Long before Georges and Albin came out in the French film, La Cage aux Folles (1978) or RuPaul made transvestitism hip, Julian Eltinge, by the 1910s, had established himself as the greatest female impersonator in the history of the American theatre. Unlike other gender illusionists of his time, who typically presented themselves as caricatures of femininity, Eltinge left the impression amongst theatergoers of actually being a woman! No one before or since has rivaled his popularity. At the height of success, he was a bona fide star with a Broadway theater named after him, performing before European royalty and owning one of the most lavish estates ever built in Silver Lake.
His particular brand of fame had its pitfalls given the times in which he lived, when homosexuality was far less accepted than today. Eltinge overcompensated for presumptions about his gayness by projecting a super-stud image. Publicity photos showed him horseback riding, chopping wood and smoking cigars (there was even a cigar brand named after him); newspapers reported his frequent bar brawls and (staged) boxing matches, including one with heavyweight champ, “Gentleman Jim” Corbett. When confronted publicly about the ambiguity, Eltinge’s typical response was “I’m not gay, I just like pearls.”
Given the precariousness of his personal life, Eltinge kept the details of his personal life shrouded in mystery and embellished with myth. Encouraged by his mother at a young age to dress up in skirts, Eltinge was already performing in drag at local saloons as a teenager growing up in Montana. When his father learned of these activities, he beat the boy severely, causing his mother to send him to Boston for his protection in 1899.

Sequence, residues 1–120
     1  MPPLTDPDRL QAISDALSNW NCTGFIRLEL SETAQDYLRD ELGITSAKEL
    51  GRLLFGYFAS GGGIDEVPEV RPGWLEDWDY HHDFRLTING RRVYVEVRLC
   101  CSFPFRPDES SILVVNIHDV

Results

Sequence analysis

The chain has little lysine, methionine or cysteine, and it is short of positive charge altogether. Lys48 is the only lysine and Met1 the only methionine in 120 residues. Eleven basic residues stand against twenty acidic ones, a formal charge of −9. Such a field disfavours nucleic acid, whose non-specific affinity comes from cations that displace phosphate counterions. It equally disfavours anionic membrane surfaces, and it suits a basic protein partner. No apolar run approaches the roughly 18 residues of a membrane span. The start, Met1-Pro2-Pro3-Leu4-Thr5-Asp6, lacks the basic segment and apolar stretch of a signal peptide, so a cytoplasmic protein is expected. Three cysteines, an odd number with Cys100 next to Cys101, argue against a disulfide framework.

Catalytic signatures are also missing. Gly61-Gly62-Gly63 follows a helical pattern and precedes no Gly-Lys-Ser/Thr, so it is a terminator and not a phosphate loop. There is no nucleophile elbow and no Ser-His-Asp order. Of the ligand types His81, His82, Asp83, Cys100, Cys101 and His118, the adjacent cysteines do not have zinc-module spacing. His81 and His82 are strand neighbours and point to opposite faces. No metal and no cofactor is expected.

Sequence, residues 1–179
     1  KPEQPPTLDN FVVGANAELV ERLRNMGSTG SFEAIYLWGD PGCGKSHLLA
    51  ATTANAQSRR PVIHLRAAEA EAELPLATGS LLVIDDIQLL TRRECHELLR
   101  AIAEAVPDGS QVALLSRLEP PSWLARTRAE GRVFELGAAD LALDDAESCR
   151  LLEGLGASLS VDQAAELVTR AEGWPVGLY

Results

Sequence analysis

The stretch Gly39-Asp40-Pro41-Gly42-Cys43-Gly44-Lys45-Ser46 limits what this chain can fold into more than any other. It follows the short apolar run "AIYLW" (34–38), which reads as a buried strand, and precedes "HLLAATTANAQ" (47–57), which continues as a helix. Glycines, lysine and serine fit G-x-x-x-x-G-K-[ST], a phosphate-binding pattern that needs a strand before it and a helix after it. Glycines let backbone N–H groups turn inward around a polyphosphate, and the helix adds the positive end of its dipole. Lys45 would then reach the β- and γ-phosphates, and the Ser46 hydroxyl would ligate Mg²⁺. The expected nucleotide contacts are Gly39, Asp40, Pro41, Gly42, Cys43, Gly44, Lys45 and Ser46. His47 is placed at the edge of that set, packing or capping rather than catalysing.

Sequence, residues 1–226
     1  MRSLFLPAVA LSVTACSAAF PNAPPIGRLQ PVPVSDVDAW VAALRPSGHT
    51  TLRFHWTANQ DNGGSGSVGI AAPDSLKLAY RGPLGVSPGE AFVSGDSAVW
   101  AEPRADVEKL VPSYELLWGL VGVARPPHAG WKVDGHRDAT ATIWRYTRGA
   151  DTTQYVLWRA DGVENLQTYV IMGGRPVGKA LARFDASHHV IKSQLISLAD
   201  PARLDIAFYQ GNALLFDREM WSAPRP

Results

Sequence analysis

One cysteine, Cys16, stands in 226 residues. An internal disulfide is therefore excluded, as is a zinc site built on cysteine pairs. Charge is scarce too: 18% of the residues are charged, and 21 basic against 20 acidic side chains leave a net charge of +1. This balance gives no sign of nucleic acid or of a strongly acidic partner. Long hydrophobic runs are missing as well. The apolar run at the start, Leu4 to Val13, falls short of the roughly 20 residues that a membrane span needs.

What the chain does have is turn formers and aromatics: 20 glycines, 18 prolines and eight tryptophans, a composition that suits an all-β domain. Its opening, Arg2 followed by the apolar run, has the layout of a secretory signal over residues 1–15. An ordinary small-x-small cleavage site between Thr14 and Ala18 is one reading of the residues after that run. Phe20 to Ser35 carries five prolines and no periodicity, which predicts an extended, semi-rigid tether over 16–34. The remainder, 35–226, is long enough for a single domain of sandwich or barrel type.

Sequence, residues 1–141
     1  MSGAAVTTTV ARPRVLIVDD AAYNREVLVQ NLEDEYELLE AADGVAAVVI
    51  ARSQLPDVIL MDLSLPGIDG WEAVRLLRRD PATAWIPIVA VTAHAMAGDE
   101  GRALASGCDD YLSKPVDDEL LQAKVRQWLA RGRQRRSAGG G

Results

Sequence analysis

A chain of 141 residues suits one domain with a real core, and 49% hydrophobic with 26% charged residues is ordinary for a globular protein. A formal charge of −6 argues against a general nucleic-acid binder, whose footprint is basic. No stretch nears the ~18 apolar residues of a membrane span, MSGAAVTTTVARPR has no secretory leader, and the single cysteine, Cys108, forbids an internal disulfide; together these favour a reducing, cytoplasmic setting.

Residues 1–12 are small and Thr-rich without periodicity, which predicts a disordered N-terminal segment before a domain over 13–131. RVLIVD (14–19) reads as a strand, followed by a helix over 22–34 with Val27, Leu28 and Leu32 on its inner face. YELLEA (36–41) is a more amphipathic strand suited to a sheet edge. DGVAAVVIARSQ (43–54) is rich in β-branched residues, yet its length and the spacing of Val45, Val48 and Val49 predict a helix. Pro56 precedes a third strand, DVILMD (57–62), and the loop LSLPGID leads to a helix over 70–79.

Freed from his father’s wrath, Eltinge’s affinity for dressing up as a woman burst into full bloom. Changing his given name, William Dalton to Julian Eltinge, he joined the Cadet Theatricals, an all-male troupe whose members, in classic Shakespearean style, played both male and female roles. From there, he moved on to the Bijou Theater in New York, where in 1904 he played a man disguising himself as a woman in a musical with songs by Jerome Kern. Eltinge’s performance earned rave reviews and made him a sensation. He played New York’s vaudeville circuit and made a tour of Europe, capped off by a command performance for King Edward VII, who presented him with a pet bulldog.
On his return to New York in 1907, he performed as a Gibson girl, a role that catapulted him to the pinnacle of female impersonators. As Variety enthused, “The audience was completely deceived as to Eltinge’s sex until he removed his wig…his act is far and away above what is described as female impersonation.”
Eltinge moved to Los Angeles in 1917, eager to cash in on the burgeoning movie industry. His first featured role was in The Countess Charming, followed by The Isle of Love alongside Rudolph Valentino. Not limiting himself to film, he launched his own magazine, Julian Eltinge’s Magazine and Beauty Hints. In 1918, he triumphantly returned to the Broadway stage with The Julian Eltinge Players, performed at the Palace Theatre.
At the height of his popularity, Eltinge had renowned architects Francis Pierpont and Walter Swindell Davis design a lavish estate in Silver Lake, the Villa Capistrano, located at 2327 Fargo Street. The pink villa is still standing today; it can best be observed from West Silver Lake Drive, looking across Silver Lake Reservoir.
With advancing age and mounting public homophobia, Eltinge’s star began to fade; in later life his roles were limited to sporadic night club appearances. He fell ill while performing at the Diamond Horseshoe Club on May 7, 1941, and died of a cerebral hemorrhage ten days later. His remains are interred at Forest Lawn Memorial Park in Glendale, California, alongside those of his parents.
Adapted from Silver Lake Chronicles: Exploring an Urban Oasis in Los Angeles and used with permission. © All rights reserved.